Foam Roller work can change the pressure pain threshold of the Ipsilateral and Contralateral Muscle Groups
Foam rolling is a popular intervention used by allied health professionals and the general population. Current research suggests that foam rolling may have an effect on the ipsilateral antagonist muscle group and produce a cross-over effect in the muscles of the contralateral limb. A new study from Canada examined the acute effects of foam rolling to the left quadriceps on ipsilateral antagonist hamstrings and contralateral quadriceps muscle group pressure pain threshold (PPT). This research was published in Journal of Sport and Rehabilitation.
Twenty-one healthy adults (age= 27.52 ± 8.9 years) participated using a video-guided foam roll intervention on the left quadriceps musculature.
The results showed a significant difference between pre-test to post-test measures for the ipsilateral hamstrings and contralateral quadriceps suggesting an increase in PPT.These findings suggest that foam rolling of the quadriceps musculature may have an acute effect on the PPT of the ipsilateral hamstrings and contralateral quadriceps muscles.
This study also follows a past study which found that foam rolling on plantar flexor muscles of one side of the limb can have an effetc in the PPT on the contralateral limb, suggesting that other mechanisms such as a central pain-modulatory system play a role in mediation of perceived pain following foam rolling.
Clinicians should consider these results to be exploratory and future investigations examining this intervention on PPT is warranted.
His final words are:"Oh! The day of the clinical guru has long since passed, ’tis dead and buried – and some stamp on their graves with glee – for now we worship on our knees at the altar of ‘the evidence’: WiFi’d up and stoned on meta-analyses, we do a clever dance each day. But in reality healthcare remains deeply disconnected from it’s subject and I'm not convinced we are really in a better place than we ever were."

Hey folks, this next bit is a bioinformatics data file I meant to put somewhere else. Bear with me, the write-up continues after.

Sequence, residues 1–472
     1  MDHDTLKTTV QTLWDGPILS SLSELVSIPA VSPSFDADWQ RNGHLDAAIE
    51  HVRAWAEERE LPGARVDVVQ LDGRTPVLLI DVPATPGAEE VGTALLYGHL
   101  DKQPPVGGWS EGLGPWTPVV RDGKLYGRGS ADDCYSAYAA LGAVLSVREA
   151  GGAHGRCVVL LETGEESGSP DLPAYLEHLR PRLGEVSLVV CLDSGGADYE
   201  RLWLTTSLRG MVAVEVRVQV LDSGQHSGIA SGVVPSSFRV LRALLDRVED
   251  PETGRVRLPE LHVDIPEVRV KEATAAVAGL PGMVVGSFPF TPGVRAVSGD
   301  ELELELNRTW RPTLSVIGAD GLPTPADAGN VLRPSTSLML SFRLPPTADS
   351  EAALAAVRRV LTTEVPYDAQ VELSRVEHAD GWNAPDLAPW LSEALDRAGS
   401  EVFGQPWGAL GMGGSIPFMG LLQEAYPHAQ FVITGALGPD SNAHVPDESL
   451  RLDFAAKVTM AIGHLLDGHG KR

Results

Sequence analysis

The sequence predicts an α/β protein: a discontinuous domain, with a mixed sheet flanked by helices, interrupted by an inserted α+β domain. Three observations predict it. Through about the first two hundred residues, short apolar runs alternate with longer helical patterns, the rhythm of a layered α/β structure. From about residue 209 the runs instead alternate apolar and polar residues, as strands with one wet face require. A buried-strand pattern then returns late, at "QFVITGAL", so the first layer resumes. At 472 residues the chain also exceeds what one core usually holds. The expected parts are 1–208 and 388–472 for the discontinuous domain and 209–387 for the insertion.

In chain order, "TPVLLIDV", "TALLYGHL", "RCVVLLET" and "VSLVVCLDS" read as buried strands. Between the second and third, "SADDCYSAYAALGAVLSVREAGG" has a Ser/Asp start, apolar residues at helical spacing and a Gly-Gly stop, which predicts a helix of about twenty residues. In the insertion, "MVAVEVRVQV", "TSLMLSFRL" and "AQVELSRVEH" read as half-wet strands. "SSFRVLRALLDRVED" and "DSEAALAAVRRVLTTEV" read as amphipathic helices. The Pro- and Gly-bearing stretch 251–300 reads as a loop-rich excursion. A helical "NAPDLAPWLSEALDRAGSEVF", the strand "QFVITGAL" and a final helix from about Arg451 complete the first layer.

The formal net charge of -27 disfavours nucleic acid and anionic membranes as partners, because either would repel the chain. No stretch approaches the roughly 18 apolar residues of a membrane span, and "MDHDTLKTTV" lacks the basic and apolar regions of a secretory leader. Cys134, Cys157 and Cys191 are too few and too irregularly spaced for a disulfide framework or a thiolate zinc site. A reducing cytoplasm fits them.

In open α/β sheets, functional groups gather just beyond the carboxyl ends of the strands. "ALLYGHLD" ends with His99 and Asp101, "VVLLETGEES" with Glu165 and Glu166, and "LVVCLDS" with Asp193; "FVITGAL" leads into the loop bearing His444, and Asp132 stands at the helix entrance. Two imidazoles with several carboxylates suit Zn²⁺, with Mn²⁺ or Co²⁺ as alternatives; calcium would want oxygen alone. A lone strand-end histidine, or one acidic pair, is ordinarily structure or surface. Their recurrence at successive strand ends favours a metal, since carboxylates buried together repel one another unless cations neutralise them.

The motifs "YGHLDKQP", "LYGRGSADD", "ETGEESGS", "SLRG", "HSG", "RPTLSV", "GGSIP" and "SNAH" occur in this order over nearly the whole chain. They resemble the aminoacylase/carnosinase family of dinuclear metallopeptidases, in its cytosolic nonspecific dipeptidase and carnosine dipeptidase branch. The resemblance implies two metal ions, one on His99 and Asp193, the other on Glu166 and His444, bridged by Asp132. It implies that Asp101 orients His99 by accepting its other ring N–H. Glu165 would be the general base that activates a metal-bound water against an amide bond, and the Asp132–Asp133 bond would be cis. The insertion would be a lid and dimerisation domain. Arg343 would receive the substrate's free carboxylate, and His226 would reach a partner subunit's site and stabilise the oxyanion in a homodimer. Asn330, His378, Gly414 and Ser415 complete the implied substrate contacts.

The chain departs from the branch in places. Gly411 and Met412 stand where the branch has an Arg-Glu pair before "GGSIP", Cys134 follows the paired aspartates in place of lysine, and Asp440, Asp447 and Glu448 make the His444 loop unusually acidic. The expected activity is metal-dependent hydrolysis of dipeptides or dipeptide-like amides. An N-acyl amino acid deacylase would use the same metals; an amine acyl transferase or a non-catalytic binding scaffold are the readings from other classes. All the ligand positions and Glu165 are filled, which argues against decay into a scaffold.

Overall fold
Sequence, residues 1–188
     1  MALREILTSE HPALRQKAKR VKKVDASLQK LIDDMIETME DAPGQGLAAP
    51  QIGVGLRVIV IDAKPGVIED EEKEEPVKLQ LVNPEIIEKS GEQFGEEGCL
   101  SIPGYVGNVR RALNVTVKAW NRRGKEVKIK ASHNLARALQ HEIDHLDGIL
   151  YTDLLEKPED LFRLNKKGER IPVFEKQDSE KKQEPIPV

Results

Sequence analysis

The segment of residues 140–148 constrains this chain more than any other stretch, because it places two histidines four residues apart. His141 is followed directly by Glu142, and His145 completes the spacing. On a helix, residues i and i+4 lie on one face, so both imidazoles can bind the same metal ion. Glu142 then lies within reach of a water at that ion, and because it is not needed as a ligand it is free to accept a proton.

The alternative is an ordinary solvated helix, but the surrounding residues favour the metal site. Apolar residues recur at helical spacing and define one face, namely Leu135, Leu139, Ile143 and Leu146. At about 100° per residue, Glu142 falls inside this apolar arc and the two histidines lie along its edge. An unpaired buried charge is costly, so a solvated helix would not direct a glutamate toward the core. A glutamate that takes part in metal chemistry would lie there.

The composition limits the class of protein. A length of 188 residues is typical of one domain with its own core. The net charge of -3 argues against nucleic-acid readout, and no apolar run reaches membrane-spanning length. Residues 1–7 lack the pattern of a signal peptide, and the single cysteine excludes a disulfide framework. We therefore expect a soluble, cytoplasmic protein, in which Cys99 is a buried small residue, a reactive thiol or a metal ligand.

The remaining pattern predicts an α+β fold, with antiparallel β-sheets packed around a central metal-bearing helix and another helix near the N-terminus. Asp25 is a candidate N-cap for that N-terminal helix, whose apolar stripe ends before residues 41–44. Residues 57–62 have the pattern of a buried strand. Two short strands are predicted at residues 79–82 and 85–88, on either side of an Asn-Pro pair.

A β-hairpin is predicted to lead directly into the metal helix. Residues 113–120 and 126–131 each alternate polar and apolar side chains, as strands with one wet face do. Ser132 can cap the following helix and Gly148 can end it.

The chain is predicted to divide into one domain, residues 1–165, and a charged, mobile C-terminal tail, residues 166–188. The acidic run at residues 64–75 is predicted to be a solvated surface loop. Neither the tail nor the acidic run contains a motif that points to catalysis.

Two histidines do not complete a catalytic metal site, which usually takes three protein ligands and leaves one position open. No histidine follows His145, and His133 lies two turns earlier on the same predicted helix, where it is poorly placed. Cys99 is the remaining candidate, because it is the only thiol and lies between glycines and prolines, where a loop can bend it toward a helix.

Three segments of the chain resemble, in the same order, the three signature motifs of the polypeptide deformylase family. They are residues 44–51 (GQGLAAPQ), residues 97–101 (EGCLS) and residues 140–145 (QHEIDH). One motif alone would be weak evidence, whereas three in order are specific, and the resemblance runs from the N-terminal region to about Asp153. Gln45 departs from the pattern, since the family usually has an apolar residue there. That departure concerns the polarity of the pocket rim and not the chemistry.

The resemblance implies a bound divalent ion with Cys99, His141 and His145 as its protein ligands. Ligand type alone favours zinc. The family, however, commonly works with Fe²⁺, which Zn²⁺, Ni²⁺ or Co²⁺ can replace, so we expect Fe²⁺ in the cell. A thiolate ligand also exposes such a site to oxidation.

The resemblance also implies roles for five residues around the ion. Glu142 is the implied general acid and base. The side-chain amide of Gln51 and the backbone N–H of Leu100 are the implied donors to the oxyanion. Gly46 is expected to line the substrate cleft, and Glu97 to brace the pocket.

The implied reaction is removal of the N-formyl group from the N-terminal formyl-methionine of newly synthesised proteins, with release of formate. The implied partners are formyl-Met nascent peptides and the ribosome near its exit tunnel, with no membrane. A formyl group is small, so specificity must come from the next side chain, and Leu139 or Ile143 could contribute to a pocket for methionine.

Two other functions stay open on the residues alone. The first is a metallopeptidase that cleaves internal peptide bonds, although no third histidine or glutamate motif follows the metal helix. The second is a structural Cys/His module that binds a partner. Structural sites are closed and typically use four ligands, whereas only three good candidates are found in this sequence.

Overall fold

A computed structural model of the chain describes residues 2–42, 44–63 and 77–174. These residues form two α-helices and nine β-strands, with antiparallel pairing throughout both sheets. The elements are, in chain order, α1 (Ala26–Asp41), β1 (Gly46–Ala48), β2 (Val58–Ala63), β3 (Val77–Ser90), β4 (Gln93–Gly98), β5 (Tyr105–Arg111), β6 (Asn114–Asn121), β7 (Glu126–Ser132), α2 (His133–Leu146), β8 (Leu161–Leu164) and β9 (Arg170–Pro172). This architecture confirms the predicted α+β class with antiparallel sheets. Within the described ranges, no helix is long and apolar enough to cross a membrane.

Massage, a complementary therapy effectively promoting the health and well-being of older people in residential care settings
Globally, the proportion of people over 65 years is rapidly rising. Increased longevity means older people may experience a rise in physiological and psychological health problems. These issues potentially place an increased demand for quality long-term care for the older person. Complementary approaches such as massage appear to be needed in quality residential care. A critical literature review was undertaken by researchers at Riverland General Hospitalin Berri, SA, to explore the potential benefits of massage within daily routine care of the older person in residential care settings.
A literature review pertaining to massage in the older resident was conducted using a range of online databases. Fourteen studies dated 1993–2012 met the inclusion criteria and were critically evaluated as suitable resources for this review. Evidence suggests massage may be advantageous from client and nursing perspectives. Clients’ perceive massage to positively influence factors such as pain, sleep, emotional status and psychosocial health. Evidence also demonstrates massage to benefit the client and organisation by reducing the necessity for restraint and pharmacological intervention. Massage may be incorporated into care provision and adopted by care providers and family members as an additional strategy to enhance quality of life for older people.
The authors concluded that Massage offers benefit for promoting health and well-being of the older person along with potential increased engagement of family in care provision. Integration of massage into daily care activities of the older person requires ongoing promotion and implementation.